By: Ed Colby
I was a little surprised when the quote for “beekeeper” insurance for the Colorado Beekeepers came in at $1,450 for a three-day meeting and “bee college” in June.
We planned to look at some bees at our get-together. The first time I brought up “bee sting,” the agent launched into a spirited description of how a good lawyer could muddy the water sufficiently so that there would be no way an injured party could prove that the offending bee was indeed your bee.
I said go ahead and give me your quote. He asked me a million questions and then took four days to get back to me. At this point we were within 24 hours of our beekeeper rendezvous.
When the policy description arrived, sticker shock set in, and I pretty much decided on the spot that CSBA would not pay $1,450 for insurance for a three-day weekend. But as a matter of due diligence I looked over the policy. I immediately noticed that there was an exclusion for injury caused by animals. My satellite phone service was giving me fits, so I emailed the agent asking if the insurance compay considered bees to be “animals,” which they are. What good is “beekeeper insurance” that excludes coverage for stings?
He didn’t write back. He called instead. He gave me the same pitch he did the time before, but in more detail. He explained that the CSBA policy would provide legal defense for a “stinging incident,” up to $25,000. There was no way a bee-stung plaintiff would get past their battery of attorneys. I said, “OK, but what if the plaintiff did in fact convince a jury that the offending bee was a CSBA bee? Would you cover us?” That would be a “gray area,” he opined.
I didn’t even blow my stack. I’m getting better at that. Instead I told him I had other options for a weekend of insurance. This outfit specializes in “event” insurance. They didn’t offer bee sting insurance, but their policy satisfied the CSBA’s concerns in every other regard, and it was only $150. And hey, we’re all beekeepers, right? We’re not going to rush to hire ia lawyer if we get stung, are we?
We held the bee college pretty much in our front yard, so naturally I got to do all the planning. I got a little agitated at times. Finally the gal Marilyn said, “Look, this is just like finals. You study, you do your best, and then one day you wake up, and it’s finals day, and you either pass or you don’t. You’ll do fine.”
Friday was the kickoff barbecue at the farm, and Marilyn had to drive her school bus on this, the last day of the school year. Flyin’ Barb drove up Thursday night from Colorado Springs to pitch in. Bright and early Friday we picked up tables and chairs from Nanci and Paul’s place. Then Barb commenced to scrub and clean. She never made any wisecracks about the general disarray of Colby Farm, or the fly-by-the-seat-of-our-pants way Marilyn and I operate. You never met a kinder, more giving person than Flyin’ Barb.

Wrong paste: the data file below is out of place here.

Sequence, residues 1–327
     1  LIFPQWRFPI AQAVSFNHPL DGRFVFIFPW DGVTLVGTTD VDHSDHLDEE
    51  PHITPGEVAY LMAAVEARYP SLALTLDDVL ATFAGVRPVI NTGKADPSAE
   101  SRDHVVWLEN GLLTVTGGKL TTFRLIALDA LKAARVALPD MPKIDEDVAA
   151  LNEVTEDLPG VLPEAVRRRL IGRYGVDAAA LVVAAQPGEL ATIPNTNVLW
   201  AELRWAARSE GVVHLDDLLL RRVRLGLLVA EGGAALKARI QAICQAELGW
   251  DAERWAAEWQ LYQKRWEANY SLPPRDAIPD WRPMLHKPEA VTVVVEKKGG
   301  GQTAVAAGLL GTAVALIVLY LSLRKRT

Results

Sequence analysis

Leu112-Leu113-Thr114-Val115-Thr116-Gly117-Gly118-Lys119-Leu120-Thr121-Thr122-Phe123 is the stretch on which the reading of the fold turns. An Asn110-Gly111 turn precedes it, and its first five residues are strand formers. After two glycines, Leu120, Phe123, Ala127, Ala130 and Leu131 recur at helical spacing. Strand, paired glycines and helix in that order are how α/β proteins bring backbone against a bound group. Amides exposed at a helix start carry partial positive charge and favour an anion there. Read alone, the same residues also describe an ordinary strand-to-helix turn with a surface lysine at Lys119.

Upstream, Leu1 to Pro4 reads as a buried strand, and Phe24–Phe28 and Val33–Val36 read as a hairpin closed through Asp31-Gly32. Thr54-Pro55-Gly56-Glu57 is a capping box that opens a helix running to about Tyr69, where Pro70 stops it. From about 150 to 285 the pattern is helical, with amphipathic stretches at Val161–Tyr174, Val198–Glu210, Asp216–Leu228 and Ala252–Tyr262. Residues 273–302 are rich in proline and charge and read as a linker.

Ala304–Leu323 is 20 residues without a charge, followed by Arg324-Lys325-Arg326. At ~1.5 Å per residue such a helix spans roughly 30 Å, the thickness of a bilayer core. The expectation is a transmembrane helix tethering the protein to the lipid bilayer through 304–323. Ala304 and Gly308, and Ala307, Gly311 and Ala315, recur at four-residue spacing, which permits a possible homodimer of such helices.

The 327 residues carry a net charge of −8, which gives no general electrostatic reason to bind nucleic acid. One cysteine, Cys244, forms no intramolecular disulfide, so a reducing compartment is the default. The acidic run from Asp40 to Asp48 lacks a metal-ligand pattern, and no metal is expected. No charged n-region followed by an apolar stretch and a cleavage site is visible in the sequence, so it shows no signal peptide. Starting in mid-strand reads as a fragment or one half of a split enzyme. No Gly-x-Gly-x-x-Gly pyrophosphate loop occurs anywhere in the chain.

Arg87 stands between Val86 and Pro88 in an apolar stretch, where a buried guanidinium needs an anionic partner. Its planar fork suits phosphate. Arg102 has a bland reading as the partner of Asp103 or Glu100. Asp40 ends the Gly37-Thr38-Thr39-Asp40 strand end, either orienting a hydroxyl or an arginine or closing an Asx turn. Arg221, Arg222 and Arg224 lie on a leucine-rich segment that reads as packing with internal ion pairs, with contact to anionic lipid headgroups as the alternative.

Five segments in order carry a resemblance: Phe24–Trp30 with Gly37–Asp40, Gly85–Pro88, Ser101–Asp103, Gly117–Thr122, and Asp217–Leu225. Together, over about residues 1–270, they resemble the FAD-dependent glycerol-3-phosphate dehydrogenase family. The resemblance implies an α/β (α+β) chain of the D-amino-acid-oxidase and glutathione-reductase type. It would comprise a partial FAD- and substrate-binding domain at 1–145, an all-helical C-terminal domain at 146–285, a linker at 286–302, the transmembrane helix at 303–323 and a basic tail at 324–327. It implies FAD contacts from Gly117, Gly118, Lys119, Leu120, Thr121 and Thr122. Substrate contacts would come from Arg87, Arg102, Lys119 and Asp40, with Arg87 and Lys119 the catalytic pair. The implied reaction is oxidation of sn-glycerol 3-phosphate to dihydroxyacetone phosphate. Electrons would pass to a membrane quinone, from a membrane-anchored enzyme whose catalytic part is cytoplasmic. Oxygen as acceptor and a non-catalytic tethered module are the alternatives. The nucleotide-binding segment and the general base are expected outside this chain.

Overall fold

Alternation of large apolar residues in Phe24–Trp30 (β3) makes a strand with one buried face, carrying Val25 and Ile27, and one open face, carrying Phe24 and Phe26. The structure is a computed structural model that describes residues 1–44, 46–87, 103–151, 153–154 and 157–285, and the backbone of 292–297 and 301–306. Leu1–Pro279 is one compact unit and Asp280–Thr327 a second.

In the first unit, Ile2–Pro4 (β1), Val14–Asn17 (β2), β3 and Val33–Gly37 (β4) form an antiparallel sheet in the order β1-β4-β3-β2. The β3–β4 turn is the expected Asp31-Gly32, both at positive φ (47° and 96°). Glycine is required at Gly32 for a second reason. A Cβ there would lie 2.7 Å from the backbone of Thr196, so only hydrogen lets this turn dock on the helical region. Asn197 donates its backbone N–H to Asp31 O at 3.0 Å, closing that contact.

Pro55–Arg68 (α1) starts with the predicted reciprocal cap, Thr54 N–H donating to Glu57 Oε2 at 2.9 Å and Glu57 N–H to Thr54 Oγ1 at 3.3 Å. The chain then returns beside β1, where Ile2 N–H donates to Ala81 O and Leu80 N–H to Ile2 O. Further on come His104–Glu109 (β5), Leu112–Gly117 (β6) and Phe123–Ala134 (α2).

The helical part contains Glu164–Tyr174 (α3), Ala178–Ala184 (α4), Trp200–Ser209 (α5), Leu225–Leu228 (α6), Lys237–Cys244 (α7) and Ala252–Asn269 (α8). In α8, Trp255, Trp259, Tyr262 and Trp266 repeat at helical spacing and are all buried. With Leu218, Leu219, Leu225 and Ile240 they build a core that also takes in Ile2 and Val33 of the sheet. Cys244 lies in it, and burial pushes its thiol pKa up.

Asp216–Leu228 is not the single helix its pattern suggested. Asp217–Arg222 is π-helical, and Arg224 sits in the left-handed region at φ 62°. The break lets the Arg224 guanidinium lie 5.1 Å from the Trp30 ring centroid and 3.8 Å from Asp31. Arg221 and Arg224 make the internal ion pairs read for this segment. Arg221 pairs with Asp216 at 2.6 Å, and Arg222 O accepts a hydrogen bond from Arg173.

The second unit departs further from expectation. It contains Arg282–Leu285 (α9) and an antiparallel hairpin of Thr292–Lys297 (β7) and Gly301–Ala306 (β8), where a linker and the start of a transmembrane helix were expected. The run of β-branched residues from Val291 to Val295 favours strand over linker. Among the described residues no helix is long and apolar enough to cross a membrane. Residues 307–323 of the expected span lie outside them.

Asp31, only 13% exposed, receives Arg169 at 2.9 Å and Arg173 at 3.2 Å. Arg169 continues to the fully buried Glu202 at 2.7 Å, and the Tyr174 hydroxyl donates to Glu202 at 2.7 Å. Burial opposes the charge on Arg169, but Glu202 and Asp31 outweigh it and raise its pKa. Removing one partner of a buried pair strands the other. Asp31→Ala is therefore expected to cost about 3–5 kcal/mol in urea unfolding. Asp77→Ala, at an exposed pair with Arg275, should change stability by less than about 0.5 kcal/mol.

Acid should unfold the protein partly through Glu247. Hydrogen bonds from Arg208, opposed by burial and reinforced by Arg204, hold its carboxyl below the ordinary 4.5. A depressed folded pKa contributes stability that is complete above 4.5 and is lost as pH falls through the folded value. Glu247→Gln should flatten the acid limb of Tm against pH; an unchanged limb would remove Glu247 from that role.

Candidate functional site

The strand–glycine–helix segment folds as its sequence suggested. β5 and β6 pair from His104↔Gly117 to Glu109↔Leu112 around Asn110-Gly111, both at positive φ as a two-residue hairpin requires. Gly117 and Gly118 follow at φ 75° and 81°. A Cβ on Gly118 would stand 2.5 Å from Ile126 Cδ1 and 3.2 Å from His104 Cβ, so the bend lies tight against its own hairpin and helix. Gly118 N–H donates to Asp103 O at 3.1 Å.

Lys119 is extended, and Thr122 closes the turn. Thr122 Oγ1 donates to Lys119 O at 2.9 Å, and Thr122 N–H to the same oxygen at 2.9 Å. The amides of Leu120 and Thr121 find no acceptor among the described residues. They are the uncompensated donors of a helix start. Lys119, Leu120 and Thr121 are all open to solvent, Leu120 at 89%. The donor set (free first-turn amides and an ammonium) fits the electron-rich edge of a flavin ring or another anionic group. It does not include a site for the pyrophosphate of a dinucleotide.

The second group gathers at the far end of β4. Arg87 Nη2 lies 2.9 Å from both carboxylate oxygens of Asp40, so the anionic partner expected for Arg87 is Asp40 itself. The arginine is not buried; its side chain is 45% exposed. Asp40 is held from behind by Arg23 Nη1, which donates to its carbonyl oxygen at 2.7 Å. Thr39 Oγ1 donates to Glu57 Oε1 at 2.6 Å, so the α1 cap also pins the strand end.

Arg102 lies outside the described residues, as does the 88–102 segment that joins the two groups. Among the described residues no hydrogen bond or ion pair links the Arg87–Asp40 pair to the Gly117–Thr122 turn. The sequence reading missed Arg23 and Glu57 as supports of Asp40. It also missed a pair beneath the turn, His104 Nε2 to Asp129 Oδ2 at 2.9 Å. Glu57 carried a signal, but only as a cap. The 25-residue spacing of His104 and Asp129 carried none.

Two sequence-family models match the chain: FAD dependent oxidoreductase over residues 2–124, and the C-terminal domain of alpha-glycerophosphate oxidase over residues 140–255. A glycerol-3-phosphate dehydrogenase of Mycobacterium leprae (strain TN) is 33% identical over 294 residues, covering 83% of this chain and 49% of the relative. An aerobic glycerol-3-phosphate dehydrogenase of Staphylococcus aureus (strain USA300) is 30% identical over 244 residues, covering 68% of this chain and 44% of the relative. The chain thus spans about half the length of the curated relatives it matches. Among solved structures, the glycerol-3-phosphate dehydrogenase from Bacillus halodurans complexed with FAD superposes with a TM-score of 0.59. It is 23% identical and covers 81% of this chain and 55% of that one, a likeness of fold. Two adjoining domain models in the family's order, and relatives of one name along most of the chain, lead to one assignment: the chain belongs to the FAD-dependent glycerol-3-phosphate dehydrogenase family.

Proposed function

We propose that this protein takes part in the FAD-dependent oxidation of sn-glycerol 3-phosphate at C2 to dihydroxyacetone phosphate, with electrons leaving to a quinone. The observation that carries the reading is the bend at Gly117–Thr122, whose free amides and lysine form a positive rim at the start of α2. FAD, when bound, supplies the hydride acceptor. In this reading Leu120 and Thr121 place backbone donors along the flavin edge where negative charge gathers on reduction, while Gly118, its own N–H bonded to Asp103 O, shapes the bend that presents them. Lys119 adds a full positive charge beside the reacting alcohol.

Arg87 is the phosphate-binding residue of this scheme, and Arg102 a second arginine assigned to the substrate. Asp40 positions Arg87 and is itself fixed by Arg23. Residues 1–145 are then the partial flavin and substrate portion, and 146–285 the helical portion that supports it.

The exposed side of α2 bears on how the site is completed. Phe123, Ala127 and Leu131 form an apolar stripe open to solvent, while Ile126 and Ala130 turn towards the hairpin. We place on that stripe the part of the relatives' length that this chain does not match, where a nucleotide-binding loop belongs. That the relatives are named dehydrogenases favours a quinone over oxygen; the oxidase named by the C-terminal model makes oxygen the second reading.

Speaking of flying, as our beekeeper commercial pilot reached for a refill of her wine glass, I remarked, “Guys, watch out if you have to get on a plane this weekend.”
“The rule is ‘Eight hours from bottle to throttle’” Jewels shot back.
I had to find a sub to fill in for a bee researcher rock star who had to cancel at the 11th hour. On Saturday, Utah state bee inspector Stephen Stanko gave solid nuts and bolts presentations on Varroa mites and American foulbrood. Derrick was so impressed, he said, “I’m glad that other guy canceled. Stephen was really good!” And Derrick knows bees. Any time Derrick offers an opinion on bees or beekeeping, you’d better listen.
We had a beekeeper roundtable featuring two commercial beekeepers Paul Limbach and Derrick, and sideliner John Hartley. I got the roundtable idea from the American Beekeeping Federation roundtables at their annual meetings. People get to ask whatever’s on their mind, and I wish I’d budgeted more time for this.
At the field session at Paul’s place, we looked at diseased bee frames, lit smokers, and alcohol washed and sugar-shook for mites.
Then, a banquet! Our caterer Cori can cook! Every course with a honey theme. Mead pairings with just enough honey wine to enjoy, but not enough for the ditch.
I tried to get a good night sleep Saturday night, but it wasn’t over yet! Sunday morning early we cooked breakfast for the Colby Farm yard campers and lit out for the Flat Tops.
Paul provided a list of high altitude flowers that honey bees like and that you maybe never heard of. We found lupine, wild geranium, snowberry and dwarf waterleaf, the bundle of tiny purple florets from which honey bees make water-white honey. At Derrick’s Clark Ridge apiary at 9,500 feet, we tasted that pale, delicate honey.
Paul does not seek attention. Rather, beekeepers are drawn to him. His encyclopedic knowledge of bees, his easygoing manner, and his never-failing inclination to share with others make him easily the most popular member of the Colorado State Beekeepers Association.
So we pulled off the bee college, OK? It ended yesterday, and it took time away from my bees. This evening I did mite tests. Five hives tested zero, zero, one, 10, and finally 30 mites in 300-bee sugar-shake samples. Thirty mites on June 11? Oh, boy! Here we go!
Ed Colby practices beekeeping in Aspen Mountain, Colorado, where he lives with his partner, Marilyn.